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Freddie delinquencies tick up for first time in 10 months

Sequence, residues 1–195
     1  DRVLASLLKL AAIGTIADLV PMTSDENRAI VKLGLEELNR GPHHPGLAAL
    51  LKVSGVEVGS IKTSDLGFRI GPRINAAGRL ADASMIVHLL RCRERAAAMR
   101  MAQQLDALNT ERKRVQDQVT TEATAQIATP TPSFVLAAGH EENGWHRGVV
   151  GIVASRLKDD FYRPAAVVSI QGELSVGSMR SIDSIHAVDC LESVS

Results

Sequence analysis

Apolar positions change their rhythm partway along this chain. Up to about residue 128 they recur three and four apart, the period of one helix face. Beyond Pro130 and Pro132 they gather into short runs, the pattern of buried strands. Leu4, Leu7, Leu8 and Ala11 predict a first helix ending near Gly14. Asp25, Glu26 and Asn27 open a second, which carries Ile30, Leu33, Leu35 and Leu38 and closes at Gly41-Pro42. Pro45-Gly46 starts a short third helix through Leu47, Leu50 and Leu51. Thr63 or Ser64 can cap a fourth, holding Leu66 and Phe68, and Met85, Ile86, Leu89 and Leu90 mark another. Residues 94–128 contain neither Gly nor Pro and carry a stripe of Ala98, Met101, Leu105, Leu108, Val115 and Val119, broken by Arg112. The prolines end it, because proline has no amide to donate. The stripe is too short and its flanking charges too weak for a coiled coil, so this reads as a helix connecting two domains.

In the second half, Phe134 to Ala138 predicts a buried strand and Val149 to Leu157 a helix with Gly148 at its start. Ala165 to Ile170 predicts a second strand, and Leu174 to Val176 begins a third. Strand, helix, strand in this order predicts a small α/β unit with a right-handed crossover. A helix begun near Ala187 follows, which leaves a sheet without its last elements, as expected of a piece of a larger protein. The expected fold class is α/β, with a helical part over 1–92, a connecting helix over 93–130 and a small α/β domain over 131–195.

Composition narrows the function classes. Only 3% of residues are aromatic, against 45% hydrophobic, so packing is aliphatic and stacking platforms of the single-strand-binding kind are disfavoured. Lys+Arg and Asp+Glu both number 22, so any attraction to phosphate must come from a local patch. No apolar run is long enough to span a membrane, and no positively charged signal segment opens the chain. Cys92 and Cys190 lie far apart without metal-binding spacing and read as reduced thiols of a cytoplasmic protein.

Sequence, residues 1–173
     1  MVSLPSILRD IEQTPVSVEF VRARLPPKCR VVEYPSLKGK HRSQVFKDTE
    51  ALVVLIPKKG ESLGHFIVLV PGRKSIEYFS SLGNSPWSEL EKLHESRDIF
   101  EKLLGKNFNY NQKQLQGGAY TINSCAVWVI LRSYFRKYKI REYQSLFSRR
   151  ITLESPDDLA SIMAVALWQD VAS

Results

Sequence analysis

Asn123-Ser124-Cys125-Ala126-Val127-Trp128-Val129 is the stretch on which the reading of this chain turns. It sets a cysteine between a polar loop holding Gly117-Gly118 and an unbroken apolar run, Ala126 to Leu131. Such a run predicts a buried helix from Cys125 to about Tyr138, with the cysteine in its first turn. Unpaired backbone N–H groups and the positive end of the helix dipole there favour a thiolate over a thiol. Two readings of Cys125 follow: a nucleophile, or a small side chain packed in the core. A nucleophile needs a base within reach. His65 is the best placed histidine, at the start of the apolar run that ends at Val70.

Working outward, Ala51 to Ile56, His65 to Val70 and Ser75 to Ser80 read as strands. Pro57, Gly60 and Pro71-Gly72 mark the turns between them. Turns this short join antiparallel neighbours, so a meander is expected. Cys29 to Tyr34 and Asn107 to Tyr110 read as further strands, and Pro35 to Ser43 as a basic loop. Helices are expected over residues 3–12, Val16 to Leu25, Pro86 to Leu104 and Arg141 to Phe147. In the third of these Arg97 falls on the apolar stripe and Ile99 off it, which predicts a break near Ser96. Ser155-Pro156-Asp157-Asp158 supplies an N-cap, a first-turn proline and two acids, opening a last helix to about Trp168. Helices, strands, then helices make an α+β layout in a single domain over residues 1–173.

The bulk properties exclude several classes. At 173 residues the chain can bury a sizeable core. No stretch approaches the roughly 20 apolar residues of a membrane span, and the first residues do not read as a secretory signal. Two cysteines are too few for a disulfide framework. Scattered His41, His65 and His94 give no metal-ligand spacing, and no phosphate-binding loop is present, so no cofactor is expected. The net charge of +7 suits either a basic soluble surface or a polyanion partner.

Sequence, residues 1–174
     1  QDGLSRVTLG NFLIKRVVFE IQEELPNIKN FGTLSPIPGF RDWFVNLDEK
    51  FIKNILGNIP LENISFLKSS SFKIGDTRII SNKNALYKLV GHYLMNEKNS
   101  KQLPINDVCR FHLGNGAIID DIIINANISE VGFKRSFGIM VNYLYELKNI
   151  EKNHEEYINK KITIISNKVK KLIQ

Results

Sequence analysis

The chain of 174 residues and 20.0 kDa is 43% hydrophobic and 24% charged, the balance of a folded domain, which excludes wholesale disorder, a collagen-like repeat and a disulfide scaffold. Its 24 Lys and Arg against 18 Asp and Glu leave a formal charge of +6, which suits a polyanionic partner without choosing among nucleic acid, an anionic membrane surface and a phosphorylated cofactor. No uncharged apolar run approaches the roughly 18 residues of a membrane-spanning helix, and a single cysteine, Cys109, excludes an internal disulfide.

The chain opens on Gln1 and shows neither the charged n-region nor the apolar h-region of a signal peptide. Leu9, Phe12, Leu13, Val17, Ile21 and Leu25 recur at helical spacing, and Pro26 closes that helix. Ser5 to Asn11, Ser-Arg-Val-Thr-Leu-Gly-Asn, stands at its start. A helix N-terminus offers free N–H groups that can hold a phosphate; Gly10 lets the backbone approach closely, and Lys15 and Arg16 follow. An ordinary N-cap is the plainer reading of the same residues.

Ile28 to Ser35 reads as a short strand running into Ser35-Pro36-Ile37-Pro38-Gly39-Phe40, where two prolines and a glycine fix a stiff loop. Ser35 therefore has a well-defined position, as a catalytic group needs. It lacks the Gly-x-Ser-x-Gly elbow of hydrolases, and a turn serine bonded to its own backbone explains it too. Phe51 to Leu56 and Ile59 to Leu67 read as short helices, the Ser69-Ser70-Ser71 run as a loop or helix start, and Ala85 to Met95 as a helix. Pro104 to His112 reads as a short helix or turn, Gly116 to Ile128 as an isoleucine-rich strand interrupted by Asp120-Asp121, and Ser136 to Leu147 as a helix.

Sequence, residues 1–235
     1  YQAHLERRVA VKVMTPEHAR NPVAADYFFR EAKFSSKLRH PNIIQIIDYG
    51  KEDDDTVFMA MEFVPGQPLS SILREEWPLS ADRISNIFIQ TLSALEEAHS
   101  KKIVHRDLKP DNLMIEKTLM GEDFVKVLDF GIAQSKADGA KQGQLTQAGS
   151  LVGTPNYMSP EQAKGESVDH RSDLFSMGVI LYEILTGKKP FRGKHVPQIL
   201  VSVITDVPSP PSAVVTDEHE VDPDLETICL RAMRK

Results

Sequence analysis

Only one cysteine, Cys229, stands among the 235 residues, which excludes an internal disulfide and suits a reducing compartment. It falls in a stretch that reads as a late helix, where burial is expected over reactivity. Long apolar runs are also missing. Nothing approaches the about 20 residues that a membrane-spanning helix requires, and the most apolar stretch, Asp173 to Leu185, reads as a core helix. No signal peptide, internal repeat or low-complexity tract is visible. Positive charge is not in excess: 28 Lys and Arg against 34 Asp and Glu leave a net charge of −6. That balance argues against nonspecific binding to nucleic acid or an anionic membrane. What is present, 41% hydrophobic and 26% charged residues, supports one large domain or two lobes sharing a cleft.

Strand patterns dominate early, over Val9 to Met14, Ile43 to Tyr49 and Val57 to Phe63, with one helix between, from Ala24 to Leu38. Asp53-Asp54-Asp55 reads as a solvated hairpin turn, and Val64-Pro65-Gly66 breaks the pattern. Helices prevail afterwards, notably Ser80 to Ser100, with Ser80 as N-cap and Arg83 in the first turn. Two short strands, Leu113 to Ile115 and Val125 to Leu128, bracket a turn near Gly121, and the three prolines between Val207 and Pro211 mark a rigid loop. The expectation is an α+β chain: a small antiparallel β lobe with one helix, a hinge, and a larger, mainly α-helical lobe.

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The Freddie Mac delinquency rate increased 1 basis point in July to 3.51%, the first increase since November. The rate is a percentage of the mortgages backing securities Freddie Mac guarantees. Freddie cut its guarantee book every month since February 2010. It dropped below $1.7 trillion in July, a $9 billion reduction from the previous month and the lowest point since October 2007, according to the Freddie monthly summary. "The falling denominator is a principal reason the serious delinquency percentage ticked up during the month," said Jim Vogel of FTN Financial. A spokesperson for Freddie said there was also a slight uptick in seriously delinquent loans, but it was nearly offset by a dip in delinquent mortgages transitioning to REO. New Freddie Mac purchases and issuance dropped to $20.7 billion in July, the lowest monthly amount since October 2008. Freddie also continued to cut its retained mortgage investment portfolio as required under its conservatorship agreement. The Treasury Department capped this portfolio at $900 billion at the end of 2009 and scheduled it to be wound down by 10% each year, reaching $250 billion by 2018. Freddie remains on schedule, reducing the portfolio to $683 billion as of July, down roughly $2 billion from the previous month and more than $40 billion from one year ago. Write to Jon Prior. Follow him on Twitter @JonAPrior

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